The Sarbanes-Oxley Act of 2002, sponsored by Paul Sarbanes and Michael Oxley, represents a huge change to federal securities law. It came as a result of the corporate financial scandals involving Enron, WorldCom and Global Crossing. Effective in 2006, all publicly-traded companies are required to implement and report internal accounting controls to the SEC for compliance. In addition, certain provisions of Sarbanes-Oxley also apply to privately-held companies.

Executives who approve shoddy or inaccurate documentation face fines of up to $5 million and jail time of up to 20 years.

SOX auditing requires that “internal controls and procedures” can be audited using a control framework like COBIT. Log collection and monitoring systems must provide an audit trail of all access and activity to sensitive business information. 

A review of a company’s internal controls is often the largest components of a SOX compliance audit. Internal controls include all IT assets, including any computers, network hardware, and other electronic equipment that financial data passes through. A SOX IT audit will look at the following internal control items:

 IT security: Ensure that proper controls are in place to prevent data breaches and have tools ready to remediate incidents should they occur. Invest in services and equipment that will monitor and protect your financial database.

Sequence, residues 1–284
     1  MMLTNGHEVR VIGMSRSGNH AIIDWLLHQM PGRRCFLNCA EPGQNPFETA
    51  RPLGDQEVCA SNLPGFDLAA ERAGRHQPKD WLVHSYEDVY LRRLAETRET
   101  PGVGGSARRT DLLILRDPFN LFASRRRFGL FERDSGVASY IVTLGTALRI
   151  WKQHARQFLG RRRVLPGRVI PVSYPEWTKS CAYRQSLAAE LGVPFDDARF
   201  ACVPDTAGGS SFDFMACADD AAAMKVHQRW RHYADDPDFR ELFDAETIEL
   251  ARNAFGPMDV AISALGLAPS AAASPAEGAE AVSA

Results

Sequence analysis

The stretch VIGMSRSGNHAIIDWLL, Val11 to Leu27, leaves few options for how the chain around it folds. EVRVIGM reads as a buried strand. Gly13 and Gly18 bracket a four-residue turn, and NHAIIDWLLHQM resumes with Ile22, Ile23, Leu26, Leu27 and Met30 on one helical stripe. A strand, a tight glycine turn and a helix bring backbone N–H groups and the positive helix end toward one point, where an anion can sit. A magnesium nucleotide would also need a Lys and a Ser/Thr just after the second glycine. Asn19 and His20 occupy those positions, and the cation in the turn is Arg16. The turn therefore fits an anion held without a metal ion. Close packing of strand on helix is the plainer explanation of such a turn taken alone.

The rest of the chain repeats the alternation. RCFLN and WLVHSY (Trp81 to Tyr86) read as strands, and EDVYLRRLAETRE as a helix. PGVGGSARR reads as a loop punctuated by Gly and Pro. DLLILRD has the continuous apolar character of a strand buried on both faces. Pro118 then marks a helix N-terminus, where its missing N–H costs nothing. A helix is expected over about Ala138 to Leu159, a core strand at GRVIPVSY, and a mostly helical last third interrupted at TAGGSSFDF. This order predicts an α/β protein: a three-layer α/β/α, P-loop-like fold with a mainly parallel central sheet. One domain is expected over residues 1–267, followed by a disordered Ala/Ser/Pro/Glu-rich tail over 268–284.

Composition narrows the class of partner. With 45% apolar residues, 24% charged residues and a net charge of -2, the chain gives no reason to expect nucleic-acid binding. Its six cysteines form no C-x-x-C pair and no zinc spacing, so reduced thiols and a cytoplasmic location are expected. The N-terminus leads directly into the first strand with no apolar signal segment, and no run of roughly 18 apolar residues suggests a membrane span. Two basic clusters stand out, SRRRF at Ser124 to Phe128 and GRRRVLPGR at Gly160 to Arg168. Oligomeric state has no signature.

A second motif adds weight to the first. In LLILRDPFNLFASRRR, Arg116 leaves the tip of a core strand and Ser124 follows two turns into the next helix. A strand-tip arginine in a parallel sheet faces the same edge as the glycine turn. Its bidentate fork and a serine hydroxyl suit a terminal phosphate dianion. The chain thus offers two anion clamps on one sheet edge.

Access controls: This refers to both the physical and electronic controls that prevent unauthorized users from viewing sensitive financial information. This includes keeping servers and data centers in secure locations, implementing effective password controls, and other measures.

 Data backup: Maintain backup systems to protect sensitive data. Data centers containing backed-up data, including those stored off-site or by a third-party are also subject to the same SOX compliance requirements as those hosted on-site.

 Change management: This involves the IT department process for adding new users and computers, updating and installing new software, and making any changes to databases or other data infrastructure components. Keep records of what was changed, in addition to when it was changed and who changed it.